LONG ISLAND, NY – Researchers at the Warm Spring Bay Statistical Laboratory have confirmed what many musical enthusiasts have long suspected – that exposure to smooth jazz during pregnancy has the potential to substantially restrict fetal growth. The study, published Wednesday in the Journal of Applied Musical Biology (JAMB), randomized 50 mothers to carry a portable listening device which played either a standard “Top-40” radio station or a steady stream of classics from jazz artists like Kenny G and Jeff Lorber. The mothers carried these devices throughout the first trimester of pregnancy. At regular time points during the trial, fetal growth was measured by ultrasound. An astounding 68% (p <0.05) of so-called “jazz fetuses” did not meet normal growth milestones, falling progressively further below standard sonographic sizing charts over the course of the study. The trial was terminated early for patient safety; fortunately, follow-up measurements show that these babies are now catching up with normal growth.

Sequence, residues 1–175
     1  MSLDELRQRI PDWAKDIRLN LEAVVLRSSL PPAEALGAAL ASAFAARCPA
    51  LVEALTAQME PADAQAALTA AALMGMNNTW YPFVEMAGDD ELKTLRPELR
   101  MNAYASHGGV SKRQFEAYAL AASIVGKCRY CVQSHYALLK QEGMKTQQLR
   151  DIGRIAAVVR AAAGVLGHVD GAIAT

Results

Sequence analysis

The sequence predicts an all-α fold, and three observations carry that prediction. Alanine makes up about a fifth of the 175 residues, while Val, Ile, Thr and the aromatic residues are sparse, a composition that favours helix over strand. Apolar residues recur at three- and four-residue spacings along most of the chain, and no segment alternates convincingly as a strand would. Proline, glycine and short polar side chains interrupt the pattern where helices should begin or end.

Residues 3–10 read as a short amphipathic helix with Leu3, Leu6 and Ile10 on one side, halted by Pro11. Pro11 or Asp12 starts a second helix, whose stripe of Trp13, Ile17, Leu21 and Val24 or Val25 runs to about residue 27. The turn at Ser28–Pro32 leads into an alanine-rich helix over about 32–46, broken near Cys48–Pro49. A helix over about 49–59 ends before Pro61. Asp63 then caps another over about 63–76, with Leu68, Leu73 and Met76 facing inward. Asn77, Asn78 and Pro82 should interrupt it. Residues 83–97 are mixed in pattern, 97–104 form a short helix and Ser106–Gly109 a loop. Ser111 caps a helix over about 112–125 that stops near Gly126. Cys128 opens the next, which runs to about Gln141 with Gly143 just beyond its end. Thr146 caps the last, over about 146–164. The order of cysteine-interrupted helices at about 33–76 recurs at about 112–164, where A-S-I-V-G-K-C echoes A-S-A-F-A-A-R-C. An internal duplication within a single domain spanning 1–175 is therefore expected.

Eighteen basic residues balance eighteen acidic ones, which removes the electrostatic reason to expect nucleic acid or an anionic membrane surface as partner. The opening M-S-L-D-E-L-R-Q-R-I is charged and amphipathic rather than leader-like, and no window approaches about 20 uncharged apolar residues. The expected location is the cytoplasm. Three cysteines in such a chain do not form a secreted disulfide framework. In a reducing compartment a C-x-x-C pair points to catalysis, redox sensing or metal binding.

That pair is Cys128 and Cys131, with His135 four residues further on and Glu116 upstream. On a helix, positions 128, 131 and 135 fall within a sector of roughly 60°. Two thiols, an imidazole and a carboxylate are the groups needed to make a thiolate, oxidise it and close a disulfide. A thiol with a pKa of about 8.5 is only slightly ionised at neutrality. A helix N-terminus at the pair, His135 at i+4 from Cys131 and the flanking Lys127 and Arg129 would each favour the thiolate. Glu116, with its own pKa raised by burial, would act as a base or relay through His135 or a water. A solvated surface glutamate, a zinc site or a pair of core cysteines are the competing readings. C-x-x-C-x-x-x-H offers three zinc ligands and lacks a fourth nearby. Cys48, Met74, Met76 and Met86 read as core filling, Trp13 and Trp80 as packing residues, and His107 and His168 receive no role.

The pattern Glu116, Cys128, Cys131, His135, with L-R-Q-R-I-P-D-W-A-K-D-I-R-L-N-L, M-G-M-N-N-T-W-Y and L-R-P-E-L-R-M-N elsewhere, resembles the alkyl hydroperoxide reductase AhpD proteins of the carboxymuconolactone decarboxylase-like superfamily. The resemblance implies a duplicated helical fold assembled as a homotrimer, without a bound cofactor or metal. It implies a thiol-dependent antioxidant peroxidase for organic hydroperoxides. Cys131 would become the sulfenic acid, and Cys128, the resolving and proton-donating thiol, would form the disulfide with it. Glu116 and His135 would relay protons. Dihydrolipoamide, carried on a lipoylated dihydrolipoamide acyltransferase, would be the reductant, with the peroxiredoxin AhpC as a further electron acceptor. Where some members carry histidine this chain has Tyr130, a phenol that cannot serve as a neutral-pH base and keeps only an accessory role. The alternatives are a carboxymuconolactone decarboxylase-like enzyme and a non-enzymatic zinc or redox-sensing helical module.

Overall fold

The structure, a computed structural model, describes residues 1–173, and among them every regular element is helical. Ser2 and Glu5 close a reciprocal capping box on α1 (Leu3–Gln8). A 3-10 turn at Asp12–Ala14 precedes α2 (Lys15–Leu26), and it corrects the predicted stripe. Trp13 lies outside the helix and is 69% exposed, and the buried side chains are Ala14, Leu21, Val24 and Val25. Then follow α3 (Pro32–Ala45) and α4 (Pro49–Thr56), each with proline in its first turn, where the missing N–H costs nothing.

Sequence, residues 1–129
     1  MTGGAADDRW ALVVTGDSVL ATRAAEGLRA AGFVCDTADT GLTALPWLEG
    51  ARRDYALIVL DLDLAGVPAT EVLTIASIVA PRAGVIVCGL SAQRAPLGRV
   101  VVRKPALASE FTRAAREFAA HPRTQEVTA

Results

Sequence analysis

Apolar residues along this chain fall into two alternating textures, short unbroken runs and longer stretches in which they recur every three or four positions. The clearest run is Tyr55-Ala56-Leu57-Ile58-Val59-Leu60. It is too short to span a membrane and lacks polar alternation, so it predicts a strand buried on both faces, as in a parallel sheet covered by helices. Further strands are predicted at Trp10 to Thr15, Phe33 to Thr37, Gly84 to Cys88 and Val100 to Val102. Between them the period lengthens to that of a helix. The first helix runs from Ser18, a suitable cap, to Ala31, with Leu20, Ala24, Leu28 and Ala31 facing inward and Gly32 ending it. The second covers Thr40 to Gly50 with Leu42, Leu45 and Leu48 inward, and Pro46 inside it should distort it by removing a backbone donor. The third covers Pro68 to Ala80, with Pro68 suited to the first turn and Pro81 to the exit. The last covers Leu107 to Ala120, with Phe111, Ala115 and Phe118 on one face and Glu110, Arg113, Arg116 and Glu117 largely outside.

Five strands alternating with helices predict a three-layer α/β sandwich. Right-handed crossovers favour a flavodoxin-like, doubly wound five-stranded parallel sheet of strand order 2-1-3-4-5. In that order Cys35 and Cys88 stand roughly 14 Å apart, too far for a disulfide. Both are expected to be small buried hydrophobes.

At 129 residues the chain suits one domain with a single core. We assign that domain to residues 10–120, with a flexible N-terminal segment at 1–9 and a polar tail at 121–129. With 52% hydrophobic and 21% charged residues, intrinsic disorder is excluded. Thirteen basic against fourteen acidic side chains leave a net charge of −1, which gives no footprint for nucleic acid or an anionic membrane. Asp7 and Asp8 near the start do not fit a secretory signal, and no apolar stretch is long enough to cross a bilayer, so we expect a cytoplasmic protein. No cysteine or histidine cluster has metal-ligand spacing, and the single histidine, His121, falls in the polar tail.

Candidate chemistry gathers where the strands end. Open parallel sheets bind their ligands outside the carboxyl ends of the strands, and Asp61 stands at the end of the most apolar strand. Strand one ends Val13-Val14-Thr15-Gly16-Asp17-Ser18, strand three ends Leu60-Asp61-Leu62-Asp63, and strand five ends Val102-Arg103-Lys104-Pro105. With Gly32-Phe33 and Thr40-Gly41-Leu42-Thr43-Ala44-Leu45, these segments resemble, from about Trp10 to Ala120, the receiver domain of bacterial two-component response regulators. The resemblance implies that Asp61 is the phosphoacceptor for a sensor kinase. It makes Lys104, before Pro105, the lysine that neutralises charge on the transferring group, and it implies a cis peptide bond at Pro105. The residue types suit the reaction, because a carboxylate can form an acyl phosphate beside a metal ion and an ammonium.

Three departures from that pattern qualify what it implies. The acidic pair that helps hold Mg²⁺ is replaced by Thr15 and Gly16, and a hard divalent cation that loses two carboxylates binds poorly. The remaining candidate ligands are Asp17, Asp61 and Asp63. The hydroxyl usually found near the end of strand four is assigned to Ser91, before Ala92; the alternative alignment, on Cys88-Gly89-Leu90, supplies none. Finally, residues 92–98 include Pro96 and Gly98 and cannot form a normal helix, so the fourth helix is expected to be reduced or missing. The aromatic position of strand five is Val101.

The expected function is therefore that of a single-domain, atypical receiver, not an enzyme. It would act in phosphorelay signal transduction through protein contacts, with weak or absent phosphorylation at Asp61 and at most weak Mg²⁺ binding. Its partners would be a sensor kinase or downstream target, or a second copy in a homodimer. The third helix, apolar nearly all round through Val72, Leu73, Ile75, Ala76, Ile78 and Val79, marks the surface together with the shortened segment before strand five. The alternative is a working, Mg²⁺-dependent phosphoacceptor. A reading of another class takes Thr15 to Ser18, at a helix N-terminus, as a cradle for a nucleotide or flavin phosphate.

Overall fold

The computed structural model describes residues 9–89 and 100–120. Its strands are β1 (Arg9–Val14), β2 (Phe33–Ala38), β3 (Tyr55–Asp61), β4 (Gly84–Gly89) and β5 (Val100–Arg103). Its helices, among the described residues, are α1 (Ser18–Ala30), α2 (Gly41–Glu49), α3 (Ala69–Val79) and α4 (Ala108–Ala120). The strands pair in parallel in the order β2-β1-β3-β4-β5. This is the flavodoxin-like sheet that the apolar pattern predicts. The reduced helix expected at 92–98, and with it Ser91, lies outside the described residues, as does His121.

Speculation regarding the cause of this effect has exploded in the 48 hours since it was released. Lead researcher, Jaixao Li, MD/PhD says that he believes that these first trimester fetuses exposed to constant jazz had “lost the will to live.”
Smooth jazz aficionados have argued that the study was deeply flawed. They cite the small sample size (50 patients), early study termination, and occasional use of artists whom they argued were not truly representative of the genre. Additionally, the drop-out rate in the “smooth jazz arm” of the trial was high. Nine of the 25 mothers who were randomized to smooth jazz could not complete the study for reasons which were not stated.
Despite the controversy surrounding the study methods, the American Institute of Fetal Medicine has issued a statement to pregnant mothers warning them to limit smooth jazz exposure by avoiding elevators in upscale hotels and to restrict time watching the Weather Channel to 15 minutes or less each day.